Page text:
117 employees have sued their employer, Houston Methodist Hospital, over its requirement that all employees receive the COVID-19 vaccine.
According to ABC News, the hospital gave its employees a June 7 deadline to get vaccinated or face suspension and termination. The employees allege that their employer is “illegally requiring its employees to be injected with an experimental vaccine as a condition of employment.” The lawsuit adds that the hospital’s vaccine requirement violates the “Nuremberg Code and the public policy of the state of Texas.”
In a statement, hospital CEO Dr. Marc Boom said, “It is unfortunate that the few remaining employees who refuse to get vaccinated and put our patients first are responding in this way. It is legal for healthcare institutions to mandate vaccines, as we have done with the flu vaccine since 2009. The COVID-19 vaccines have proven through rigorous trials to be very safe and very effective and are not experimental.”
Dr. Boom is 100 percent correct; the hospital’s policy is legal. Here’s why and why this lawsuit will fail spectacularly.
1/ The EEOC expressly says that mandatory vaccine policies are 100% legal (as long as an employer makes allowances to accommodate employees whose underlying disabilities, sincerely held religious beliefs, practices, or observances, or pregnancy prevents them from getting vaccinated). Because I’ve seen zero references that any of the 117 plaintiffs are claiming an ADA or Title VII violation, I conclude that the hospital has met its legal obligations in this regard. (Note, however, that Texas is considering pending legislation that would make “COVID-19 vaccination status” a protected class under its employment discrimination law.)
2/ Public policy actually favors as many individuals getting vaccinated as possible. Just ask the Biden White House, the CDC, the EEOC, OSHA, just about any other government agency, and even the State of Texas (although its governor did sign an Executive Order prohibiting government entities from compelling that anyone receives a COVID-19 vaccine administered under an emergency use authorization). Note also that there are efforts underway in states across the country (e.g., Ohio) to prohibit a business from mandating vaccines or permitting individuals to decline a required vaccine based on medical contraindications, natural immunity, or reasons of conscience.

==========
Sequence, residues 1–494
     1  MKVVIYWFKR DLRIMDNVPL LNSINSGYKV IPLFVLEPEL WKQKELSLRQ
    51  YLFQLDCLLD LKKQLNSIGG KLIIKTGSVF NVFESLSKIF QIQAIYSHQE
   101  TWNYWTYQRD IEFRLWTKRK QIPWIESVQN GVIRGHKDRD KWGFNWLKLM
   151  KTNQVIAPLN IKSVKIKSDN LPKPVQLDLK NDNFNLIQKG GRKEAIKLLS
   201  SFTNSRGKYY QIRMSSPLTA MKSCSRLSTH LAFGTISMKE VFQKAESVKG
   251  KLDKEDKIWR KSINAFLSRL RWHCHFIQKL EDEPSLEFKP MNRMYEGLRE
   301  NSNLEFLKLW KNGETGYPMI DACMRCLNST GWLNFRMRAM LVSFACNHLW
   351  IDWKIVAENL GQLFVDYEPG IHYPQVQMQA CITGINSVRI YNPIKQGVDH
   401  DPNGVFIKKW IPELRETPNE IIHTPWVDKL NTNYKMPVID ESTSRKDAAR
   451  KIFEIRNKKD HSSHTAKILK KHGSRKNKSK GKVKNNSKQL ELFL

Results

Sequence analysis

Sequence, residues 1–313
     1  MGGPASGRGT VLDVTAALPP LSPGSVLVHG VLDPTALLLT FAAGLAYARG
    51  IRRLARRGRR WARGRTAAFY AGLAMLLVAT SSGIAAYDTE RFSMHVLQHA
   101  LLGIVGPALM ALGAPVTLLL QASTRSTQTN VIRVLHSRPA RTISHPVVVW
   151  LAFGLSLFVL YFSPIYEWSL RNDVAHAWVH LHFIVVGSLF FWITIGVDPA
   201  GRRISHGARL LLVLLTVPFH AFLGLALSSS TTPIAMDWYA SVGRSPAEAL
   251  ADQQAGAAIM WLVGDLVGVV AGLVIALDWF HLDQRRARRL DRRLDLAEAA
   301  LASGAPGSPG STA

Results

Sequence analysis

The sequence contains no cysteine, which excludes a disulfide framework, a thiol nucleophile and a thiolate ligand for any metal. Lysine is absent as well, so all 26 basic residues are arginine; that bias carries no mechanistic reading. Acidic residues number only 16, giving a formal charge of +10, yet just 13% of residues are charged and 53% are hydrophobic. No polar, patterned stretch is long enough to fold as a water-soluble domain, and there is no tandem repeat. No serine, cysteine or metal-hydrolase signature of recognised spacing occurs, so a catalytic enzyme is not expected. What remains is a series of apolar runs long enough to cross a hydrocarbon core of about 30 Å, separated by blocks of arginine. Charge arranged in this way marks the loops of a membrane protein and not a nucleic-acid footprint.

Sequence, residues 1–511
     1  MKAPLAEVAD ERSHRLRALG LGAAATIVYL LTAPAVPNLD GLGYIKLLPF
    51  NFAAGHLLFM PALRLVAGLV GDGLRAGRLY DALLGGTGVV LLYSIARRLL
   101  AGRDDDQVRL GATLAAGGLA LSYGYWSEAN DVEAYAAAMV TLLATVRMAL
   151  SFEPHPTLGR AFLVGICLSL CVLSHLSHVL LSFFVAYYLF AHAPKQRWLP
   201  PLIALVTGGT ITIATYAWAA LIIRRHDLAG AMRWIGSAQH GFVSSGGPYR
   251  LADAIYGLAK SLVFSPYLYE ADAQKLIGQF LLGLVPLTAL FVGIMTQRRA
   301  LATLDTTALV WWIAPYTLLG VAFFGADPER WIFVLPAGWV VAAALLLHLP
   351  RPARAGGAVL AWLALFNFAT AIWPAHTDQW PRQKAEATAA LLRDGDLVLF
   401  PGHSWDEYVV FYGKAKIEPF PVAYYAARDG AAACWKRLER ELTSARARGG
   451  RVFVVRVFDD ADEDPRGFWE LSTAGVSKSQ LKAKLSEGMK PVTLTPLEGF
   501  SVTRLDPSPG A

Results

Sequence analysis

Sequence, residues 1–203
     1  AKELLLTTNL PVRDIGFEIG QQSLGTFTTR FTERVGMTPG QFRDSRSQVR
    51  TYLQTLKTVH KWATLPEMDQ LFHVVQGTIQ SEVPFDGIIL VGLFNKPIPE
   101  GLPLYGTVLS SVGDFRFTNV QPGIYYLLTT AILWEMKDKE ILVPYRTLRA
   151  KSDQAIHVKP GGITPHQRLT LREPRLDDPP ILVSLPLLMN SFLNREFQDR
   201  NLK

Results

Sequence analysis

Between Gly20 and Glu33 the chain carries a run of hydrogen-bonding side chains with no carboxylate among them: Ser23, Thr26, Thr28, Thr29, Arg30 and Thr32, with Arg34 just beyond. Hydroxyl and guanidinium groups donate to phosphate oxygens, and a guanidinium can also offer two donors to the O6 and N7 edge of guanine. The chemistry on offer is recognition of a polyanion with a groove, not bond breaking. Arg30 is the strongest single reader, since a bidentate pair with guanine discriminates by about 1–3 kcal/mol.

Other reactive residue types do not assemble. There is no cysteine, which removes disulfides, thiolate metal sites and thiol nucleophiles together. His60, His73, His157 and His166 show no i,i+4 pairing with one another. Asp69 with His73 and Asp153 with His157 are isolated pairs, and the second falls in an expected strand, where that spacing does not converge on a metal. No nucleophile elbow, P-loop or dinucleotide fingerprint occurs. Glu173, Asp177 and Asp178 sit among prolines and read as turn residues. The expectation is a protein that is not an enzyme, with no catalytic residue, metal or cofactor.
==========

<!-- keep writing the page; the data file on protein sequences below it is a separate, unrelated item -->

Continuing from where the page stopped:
3/ The Nuremberg Code is not a thing, at least not in this context. In fact, there’s been a lot of chatting lately about the Nuremberg Code as a justification to refuse vaccine mandates. It’s wrong, and it’s offensive. It’s a set of is a set of research ethics principles for human experimentation created as a result of the Nuremberg trials at the end of WWII. It was a reaction to the medical atrocities committed by Dr. Josef Mengele and other Nazis during the war, with the intent of protecting people from suffering similar atrocities. To compare Nazi war crimes to a life-saving vaccine that has been tested and vetted is the height of disgusting selfishness.
Bottom line: If you want to mandate that your employees get vaccinated as a condition of employment, you are legally in the clear to do so, subject to reasonable accommodation exceptions under the ADA for disabled employees and under Title VII for employees’ sincerely held religious beliefs, practices, or observances, and for pregnant employees. Any other gripes, complaints, or objections by employees are just smokescreens that you can legally ignore, at least for now.
This post originally appeared on the Ohio Employer’s Law Blog and was written by Jon Hyman, Partner, Meyers, Roman, Friedberg & Lewis. Jon can be reached via email at email@example.com, via telephone at 216-831-0042, on LinkedIn, and on Twitter.